Could snooping on workplace liaisons become part of the job of the ethics officer, whose role is to …… (SURE) that a company's code of conduct is understood and followed by every member of staff?

'The dynamics of taking on a police function would fundamentally change the .............2 (EFFECT) of the ethics officer,' says Ms Gretchen Winter, who chairs the US-based Ethics Officer Association. ‘I think.............3 (EMPLOY) might be less willing to come forward. The role of a neutral party to whom they can come for .............4 (GUIDE) might be compromised.'

The ethics officer's job has been thrown into sharp relief by the Boeing affair, in which the chief executive was ousted for behaviour that the company decided had reflected poorly' on his.............5 (JUDGE).

Ms Winter says the case has provoked hot debate about where the line should be drawn. 'Some ethics officers are using the Boeing case to talk about the.............6 (INVESTIGATE) process, their relationship with boards, who the decision-makers are and how you handle issues of judgement versus violations of your code -or are they one and the same?' she says.

'What it does is illustrate the type of situation that ethics officers are called on to deal with every day - what kind of investigative process do you use, how do you determine appropriate.............7 (DISCIPLINE) action if you find a.............8 (VIOLATE), and who should be disciplined?'

The ethics officer draws up standards, provides a safe conduit for whistleblowers, investigates allegations and presents findings to a 'decision-maker' - typically the manager of the individual being investigated, she says.

Ms Winter points out that there are CEOs who have had.............9 (RELATE) at work and have remained in office. 'It's not the ethics officer's role to determine whether that behaviour is.............10 (ACCEPT) or not,' she insists. 'That responsibility belongs to whoever employs the individual.'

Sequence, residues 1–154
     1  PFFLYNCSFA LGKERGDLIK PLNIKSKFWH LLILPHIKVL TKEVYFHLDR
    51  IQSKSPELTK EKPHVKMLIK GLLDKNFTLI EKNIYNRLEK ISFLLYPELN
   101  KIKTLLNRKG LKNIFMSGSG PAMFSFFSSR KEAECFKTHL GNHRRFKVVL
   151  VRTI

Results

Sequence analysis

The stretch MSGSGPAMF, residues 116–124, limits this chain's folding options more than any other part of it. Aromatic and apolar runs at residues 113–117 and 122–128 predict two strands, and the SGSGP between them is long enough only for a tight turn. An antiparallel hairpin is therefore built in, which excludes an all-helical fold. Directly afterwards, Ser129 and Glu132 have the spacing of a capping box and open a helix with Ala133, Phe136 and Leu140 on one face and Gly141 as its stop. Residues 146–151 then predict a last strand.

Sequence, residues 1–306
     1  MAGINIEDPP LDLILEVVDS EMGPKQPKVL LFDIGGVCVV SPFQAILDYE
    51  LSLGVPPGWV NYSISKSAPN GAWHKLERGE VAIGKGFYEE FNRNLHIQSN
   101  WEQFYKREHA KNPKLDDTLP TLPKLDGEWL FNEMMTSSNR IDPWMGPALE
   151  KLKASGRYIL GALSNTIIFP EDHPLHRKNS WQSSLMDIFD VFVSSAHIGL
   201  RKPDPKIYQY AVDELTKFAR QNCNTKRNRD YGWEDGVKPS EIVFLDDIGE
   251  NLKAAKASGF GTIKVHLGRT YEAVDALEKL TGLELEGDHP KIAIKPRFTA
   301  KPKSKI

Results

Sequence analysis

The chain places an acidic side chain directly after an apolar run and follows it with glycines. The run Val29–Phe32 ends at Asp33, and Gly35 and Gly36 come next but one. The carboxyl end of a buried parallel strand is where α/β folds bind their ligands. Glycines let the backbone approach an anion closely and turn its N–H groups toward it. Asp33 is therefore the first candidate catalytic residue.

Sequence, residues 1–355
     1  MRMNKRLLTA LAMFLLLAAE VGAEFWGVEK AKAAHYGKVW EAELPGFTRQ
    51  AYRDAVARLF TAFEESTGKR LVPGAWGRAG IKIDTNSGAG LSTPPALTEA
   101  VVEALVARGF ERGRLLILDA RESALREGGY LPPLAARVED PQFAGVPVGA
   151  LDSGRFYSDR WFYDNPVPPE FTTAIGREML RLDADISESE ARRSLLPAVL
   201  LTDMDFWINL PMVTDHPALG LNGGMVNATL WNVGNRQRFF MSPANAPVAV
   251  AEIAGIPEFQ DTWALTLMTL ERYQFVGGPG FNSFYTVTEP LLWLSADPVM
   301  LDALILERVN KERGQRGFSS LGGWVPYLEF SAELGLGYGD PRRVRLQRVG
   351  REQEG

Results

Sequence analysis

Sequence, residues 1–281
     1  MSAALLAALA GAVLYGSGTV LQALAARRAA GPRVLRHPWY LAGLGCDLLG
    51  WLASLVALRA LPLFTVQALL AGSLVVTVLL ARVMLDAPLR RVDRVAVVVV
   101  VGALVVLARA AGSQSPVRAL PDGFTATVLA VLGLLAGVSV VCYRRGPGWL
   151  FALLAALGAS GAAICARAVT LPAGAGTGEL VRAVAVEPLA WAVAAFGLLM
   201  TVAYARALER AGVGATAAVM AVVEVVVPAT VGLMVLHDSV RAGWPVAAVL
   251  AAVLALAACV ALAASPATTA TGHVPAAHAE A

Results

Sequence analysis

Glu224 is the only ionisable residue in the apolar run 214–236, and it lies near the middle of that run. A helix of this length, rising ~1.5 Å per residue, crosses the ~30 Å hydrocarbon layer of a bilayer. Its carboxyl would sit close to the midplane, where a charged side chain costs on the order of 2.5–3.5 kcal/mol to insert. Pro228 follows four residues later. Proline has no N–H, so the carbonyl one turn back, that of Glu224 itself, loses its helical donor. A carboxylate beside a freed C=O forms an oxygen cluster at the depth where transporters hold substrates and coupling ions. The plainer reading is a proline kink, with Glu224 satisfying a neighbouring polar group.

The case comes at a time when............." (PRESS) is mounting on companies to take ethics more seriously - and on the professionals charged with ensuring.............12 (COMPLY).

Why, given the rapid.............13 (GROW) in the number of ethics officers, are ethical lapses still so frequent in companies? It is partly that the ethics profession is young, and also that it is far harder to change behaviour than simply to write and publish a code of conduct, Ms Winter replies.

F. Replace the words in italics with a multiword verb from the box.

carry out falls into follow suit phase out set out sett up shy away from.

1 The Corporate Responsibility Committee was formally established two years ago….set up….

2 The CEO explained in a clear, organised way the reasons for her resignation in a letter to the board of directors.........................

3 Our company will gradually stop using all vehicles which do not conform to environmental regulations..

4 Bentix has recently appointed an ethics officer, and we expect many other companies to do the same thing.........................

5 To the company's credit we must say that when its new product was alleged to be unsafe, it did not avoid and was not afraid of investigating those claims.........................

6 Most pharmaceutical companies claim that they do not do tests on animals.

7 Unethical behaviour at work can be classified into three groups.

G Match the sentence halves.

1Most corporate responsibility reports today

2 Hollow words such as 'passion' or 'commitment' can easily

3 Some chief executives' messages seem curiously

4 Fuzzy language often makes it hard for the reader to

5 Good governance often seems linked to the way a company tries to

6 A corporate responsibility report is a great opportunity for chief executives to